Asides: Triangle arts news, in brief

August 3, 2013 

‘The Heretic’ starts run at Burning Coal

“The Heretic” an award-winning comedy that takes up the issue of climate change, opens Thursday at Burning Coal Theatre.

Written by Richard Bean, “The Heretic” was described by Charles Spencer of The (London) Telegraph as “funny, provocative and touching, and absolutely resolute in its refusal to lapse into the apocalyptic gloom that usually attends this subject.”

The Raleigh production marks the American debut of the play, which won the London Evening Standard Award for 2011 Outstanding New Play of the Year.

Jerome Davis directs.

“The Heretic” will be presented Thursday through Sundays through Sept. 29.


Bluesmen John Dee Holeman, Tad Walters playing in Cary

Piedmont bluesman John Dee Holeman will preform with Raleigh musician Tad Walters to wrap up a series of concerts in Cary sponsored by PineCone, the Piedmont Council of Traditional Music.

The free concert will begin at 6 p.m. Saturday at the Sertoma Amphitheatre in Bond Park.

Holeman grew up on a farm in Orange County and began playing the blues at the age of 14. In 1988, he was awarded a National Heritage Fellowship by the National Endowment for the Arts and received a North Carolina Heritage Award from the N.C. Arts Council in 1994.

Walters has played with many blues legends, including Bob Margolin, Billy Boy Arnold, John Jackson and others. He also writes songs, leads his own band and performs as a solo artist.


N.C. Opera to perform Mozart, Puccini and Dvorak

N. C. Opera has announced its 2013-14 season, with two fully staged works, a concert staging and an outdoor concert. Rolled over from last season is “Cosi fan tutte,” Wolfgang Amadeus Mozart’s comedy about lovers’ jealousies, playing Raleigh’s Fletcher Opera Theater October 3, 4 and 6. Giacomo Puccini’s ever-popular “La Bohème,” following the amorous lives of Parisian bohemians, runs January 24 and 26 in Raleigh’s Memorial Auditorium.

A rarity in the U.S., Antonin Dvorák’s fairytale opera, “Rusalka,” gets a concert staging on March 30 in Raleigh’s Meymandi Concert Hall. Finishing the season on May 17 is a concert in Cary’s Booth Amphitheatre, “Opera in the Pines,” featuring guest soloists in popular Broadway and operatic fare.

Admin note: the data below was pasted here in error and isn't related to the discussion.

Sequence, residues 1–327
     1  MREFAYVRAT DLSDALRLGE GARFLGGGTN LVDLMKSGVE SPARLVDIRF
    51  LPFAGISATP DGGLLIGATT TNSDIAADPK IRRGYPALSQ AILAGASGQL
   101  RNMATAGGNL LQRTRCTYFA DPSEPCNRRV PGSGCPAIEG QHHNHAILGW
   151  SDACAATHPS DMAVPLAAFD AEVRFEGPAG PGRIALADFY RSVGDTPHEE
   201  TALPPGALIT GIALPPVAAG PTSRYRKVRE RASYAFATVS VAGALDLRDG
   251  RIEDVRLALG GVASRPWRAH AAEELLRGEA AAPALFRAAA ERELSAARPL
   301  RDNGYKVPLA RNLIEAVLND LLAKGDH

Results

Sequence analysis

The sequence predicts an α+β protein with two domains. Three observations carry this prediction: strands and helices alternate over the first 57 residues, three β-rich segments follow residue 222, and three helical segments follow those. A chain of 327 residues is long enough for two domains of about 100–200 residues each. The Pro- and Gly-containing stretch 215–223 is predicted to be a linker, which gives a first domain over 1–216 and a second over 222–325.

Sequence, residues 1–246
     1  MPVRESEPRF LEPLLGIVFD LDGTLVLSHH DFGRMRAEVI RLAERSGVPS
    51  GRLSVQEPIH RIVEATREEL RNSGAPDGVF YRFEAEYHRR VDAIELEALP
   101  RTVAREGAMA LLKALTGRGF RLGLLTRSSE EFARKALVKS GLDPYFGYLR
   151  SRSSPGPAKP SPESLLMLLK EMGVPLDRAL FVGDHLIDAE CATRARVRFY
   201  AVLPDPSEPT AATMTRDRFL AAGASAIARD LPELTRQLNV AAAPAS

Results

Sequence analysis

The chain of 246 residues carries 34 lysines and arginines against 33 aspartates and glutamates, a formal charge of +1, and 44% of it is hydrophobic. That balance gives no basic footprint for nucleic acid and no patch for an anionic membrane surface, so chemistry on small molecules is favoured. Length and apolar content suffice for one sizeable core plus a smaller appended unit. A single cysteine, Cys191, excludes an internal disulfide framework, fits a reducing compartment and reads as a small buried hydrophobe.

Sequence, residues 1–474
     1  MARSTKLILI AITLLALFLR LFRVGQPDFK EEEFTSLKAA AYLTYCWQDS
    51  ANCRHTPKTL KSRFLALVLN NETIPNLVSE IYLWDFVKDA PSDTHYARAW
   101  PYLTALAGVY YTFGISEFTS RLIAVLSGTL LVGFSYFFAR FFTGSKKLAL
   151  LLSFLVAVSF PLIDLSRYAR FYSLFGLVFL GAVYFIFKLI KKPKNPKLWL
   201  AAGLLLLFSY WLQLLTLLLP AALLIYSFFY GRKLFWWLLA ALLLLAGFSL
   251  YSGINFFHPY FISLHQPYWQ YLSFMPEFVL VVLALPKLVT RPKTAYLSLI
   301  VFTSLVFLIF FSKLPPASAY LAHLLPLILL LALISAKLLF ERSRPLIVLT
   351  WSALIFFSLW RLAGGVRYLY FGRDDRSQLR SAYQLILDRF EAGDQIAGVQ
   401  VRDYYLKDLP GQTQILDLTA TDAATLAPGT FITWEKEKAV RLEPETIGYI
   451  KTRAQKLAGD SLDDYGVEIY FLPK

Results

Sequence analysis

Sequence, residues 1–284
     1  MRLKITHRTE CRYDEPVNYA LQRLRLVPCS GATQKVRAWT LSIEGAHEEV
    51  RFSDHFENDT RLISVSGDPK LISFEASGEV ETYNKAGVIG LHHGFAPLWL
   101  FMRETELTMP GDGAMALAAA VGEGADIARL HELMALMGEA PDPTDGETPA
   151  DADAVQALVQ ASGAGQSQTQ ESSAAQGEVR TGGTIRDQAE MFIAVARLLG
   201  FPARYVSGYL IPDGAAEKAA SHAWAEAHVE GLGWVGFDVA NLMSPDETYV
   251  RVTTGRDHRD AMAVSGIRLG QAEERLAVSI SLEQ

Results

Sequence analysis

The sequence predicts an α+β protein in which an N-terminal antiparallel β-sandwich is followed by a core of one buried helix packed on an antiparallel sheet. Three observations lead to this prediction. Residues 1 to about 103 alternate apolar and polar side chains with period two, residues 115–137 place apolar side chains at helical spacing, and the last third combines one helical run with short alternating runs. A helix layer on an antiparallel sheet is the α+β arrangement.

Artistic director, Timothy Myers conducts all performances except “La Bohème,” which is led by Robert Moody of the Winston-Salem Symphony.

Season subscriptions are on sale now and individual ticket sales begin in early September.

Info: 919-792-3850 or

Retrospective of Robert Irwin paintings on exhibit

A retrospective exhibit of the work of Raleigh artist Robert Irwin is being featured at New Elements Gallery in Wilmington through Aug. 20.

Irwin was a longtime resident of the Triangle who studied under Joe Cox and George Bireline at the NC State School of Design.

Through the years, Irwin has worked as an instructor of art, a designer at the N.C. Museum of History, a photographer, and illustrator. In 1980, Irwin founded Images Inc., a contract furnishings company operating in Raleigh for more than 10 years.

The exhibit, titled Good as Gold: 50 Years of Painting by Robert Irwin, covers his work beginning in the 1960s with abstract paintings based on photographs and carries it into the current decade.

Irwin retired from painting two years ago due to Parkinson’s disease.


Photographers featured at Clayton Center

Photographers Frank Dziepak of Clayton and Mary Doherty of Raleigh will show their work in an exhibit sponsored by Clayton Visual Arts.

A “meet the artists” reception will kick of the exhibit from 6 p.m. to 7:30 p.m. Thursday in the lobby of the Clayton Center.

Both digital photographers began working in the medium as adults.

The free exhibit will run through Sept 3. Clayton Center is open Monday-Friday, 9 a.m. to 5 p.m.


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